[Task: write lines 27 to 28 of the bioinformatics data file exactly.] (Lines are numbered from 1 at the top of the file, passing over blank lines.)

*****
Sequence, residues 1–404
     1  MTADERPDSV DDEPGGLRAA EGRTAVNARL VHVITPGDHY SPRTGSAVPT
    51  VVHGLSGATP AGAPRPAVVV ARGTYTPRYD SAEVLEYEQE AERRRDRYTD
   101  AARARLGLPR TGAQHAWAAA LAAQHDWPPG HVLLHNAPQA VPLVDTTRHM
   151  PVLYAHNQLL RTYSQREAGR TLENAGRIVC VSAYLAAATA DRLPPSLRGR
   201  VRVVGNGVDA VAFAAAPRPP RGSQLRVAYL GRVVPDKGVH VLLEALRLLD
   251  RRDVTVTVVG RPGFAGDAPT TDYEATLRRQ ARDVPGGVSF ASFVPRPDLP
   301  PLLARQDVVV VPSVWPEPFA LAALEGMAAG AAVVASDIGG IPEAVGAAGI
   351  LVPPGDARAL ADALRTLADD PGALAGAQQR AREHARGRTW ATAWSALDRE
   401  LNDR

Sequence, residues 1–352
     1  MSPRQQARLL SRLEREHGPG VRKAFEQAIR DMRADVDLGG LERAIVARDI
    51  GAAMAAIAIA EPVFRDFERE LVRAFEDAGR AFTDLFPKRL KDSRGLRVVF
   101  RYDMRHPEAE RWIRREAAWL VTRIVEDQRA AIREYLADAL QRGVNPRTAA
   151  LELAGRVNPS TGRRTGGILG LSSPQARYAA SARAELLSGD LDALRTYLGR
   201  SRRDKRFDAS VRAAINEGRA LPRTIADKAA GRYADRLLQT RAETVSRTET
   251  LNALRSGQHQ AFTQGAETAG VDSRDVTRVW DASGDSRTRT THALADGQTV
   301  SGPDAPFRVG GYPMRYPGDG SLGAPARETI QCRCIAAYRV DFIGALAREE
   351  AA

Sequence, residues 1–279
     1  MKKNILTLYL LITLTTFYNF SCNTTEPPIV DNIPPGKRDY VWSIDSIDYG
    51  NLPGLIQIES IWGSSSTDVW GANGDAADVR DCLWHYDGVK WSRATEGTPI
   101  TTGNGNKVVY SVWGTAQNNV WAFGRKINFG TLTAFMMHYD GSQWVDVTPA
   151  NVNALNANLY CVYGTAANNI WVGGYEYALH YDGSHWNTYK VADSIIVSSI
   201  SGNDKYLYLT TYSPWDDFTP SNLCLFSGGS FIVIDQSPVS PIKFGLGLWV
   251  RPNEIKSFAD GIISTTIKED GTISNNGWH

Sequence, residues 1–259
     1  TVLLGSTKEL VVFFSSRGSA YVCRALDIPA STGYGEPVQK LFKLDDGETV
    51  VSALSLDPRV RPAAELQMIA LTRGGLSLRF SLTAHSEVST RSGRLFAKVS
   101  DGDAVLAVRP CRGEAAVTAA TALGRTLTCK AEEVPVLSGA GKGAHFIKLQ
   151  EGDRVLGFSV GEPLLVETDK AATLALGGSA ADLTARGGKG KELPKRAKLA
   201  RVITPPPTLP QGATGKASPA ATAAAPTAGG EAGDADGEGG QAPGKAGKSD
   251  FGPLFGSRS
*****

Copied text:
Sequence, residues 1–259
     1  TVLLGSTKEL VVFFSSRGSA YVCRALDIPA STGYGEPVQK LFKLDDGETV